Finding and connecting similar patterns of behavior throughout Islamic history is one of the most objective ways of determining whether something is or is not part of Muslim civilization.
Consider the issue of forced conversion in Islam, a phenomenon that has a long history with ample precedents. Indeed, from its inception, most of those who embraced Islam did so under duress, beginning with the Ridda wars and during the age of conquests, and to escape dhimmi status. This is a simple fact.
Yet, when one examines today’s cases of forced conversions with those from centuries past, identical patterns emerge, demonstrating great continuity. Consider:
Days ago in Pakistan, two Christian men were severely beaten with iron rods and left for dead by a group of Muslims, simply because they refused to convert to Islam. According to Compass Direct News, they were returning from a church service when they were accosted by six Muslims. After they discovered they were Christian, the Muslims:
then started questioning them about their faith and later tried to force them to recite the Kalma [Islamic conversion creed, “There is no god but Allah, and Muhammad is his messenger”] and become Muslims, telling them that this was the only way they could live peacefully in the city. They also offered monetary incentives and “protection” to Ishfaq and Naeem [the Christians], but the two refused to renounce Christianity.
“After cajoling the two Christians for some time,” the Muslims pretended to go away, only to ram their car into the Christians: “The Muslims [then] got out of the car armed with iron rods and attacked Ishfaq and Naeem, shouting that they should either recite the Kalma or be prepared to die…severely beating[ing] the two Christians, fracturing Ishfaq Munawar’s jaw and breaking five teeth, and seriously injuring Masih…. [T]he two Christians fell unconscious, and the young Muslim men left assuming they had killed them.”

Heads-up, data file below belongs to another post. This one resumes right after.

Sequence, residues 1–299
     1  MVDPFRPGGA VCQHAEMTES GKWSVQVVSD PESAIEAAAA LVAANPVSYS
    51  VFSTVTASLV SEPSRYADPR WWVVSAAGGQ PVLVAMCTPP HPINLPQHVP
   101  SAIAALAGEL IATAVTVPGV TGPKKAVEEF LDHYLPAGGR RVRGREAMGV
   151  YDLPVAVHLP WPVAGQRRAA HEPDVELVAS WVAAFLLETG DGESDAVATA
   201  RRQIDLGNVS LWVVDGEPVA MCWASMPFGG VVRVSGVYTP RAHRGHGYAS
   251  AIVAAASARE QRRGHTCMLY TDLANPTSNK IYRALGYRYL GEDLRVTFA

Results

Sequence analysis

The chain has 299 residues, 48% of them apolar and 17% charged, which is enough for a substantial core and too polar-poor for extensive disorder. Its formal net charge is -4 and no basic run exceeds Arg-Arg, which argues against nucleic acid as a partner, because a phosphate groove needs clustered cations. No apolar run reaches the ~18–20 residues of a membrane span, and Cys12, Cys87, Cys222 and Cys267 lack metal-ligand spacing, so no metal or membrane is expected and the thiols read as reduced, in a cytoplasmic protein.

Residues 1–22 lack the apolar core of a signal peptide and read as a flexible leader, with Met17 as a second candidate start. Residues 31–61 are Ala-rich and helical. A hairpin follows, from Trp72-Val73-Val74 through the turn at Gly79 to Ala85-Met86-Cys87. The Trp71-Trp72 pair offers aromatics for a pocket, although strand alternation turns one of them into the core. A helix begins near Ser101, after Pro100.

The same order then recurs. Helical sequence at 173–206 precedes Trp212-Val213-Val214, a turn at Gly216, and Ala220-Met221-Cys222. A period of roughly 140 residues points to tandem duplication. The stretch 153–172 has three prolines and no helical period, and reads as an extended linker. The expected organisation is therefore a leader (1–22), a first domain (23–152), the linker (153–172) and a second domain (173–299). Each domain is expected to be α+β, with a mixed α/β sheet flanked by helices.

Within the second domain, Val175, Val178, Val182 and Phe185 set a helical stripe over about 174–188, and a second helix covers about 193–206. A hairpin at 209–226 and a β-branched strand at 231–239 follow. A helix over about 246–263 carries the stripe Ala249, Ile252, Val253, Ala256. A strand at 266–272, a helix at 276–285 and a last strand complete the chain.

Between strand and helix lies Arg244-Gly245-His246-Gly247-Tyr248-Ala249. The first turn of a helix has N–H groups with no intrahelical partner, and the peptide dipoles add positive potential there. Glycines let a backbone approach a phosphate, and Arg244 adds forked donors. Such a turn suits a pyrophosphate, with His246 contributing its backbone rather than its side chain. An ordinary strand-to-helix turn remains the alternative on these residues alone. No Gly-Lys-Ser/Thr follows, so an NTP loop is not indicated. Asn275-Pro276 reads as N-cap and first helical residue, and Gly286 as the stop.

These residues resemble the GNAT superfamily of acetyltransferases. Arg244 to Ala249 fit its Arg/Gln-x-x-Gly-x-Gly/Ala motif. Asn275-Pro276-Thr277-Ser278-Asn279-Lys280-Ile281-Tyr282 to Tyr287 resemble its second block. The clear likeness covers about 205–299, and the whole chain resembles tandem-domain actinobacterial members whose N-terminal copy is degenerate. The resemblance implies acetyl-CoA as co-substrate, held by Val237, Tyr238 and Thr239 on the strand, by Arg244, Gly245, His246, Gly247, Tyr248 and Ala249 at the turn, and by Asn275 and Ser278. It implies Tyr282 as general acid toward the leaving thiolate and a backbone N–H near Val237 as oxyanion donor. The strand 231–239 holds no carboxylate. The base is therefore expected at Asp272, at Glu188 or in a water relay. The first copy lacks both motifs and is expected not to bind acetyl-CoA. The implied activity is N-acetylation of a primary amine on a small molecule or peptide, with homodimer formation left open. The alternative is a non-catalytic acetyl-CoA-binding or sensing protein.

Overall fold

Contrast this contemporary account with the following anecdote from some 500 years past (excerpted from Witnesses for Christ, pgs.62-64):
In the year 1522, two Christian brothers in Ottoman Egypt were denounced by local Muslims “mostly out of jealousy and envy”; so the emir arrested them and “began flattering them and asking questions about their faith.” The brothers made it clear that they were firm adherents of Christianity. “The Muslims in the audience became enraged with the brothers when they heard their answers, and they began screaming and demanding they must become Muslims.” The brothers responded by refusing to “deny the faith we received from our forefathers, but we will remain unshaken and very firm in it until the end.”
The Muslim judge deciding their case told the Christian brothers that if they simply said the Kalma and embraced Islam, they “would be given many honors and much glory”; otherwise, they would die. At that point, the brothers’ mother came to support them, but “when the Muslims in court noticed her, they fell upon her, tore her clothing, and gave her a thorough beating.”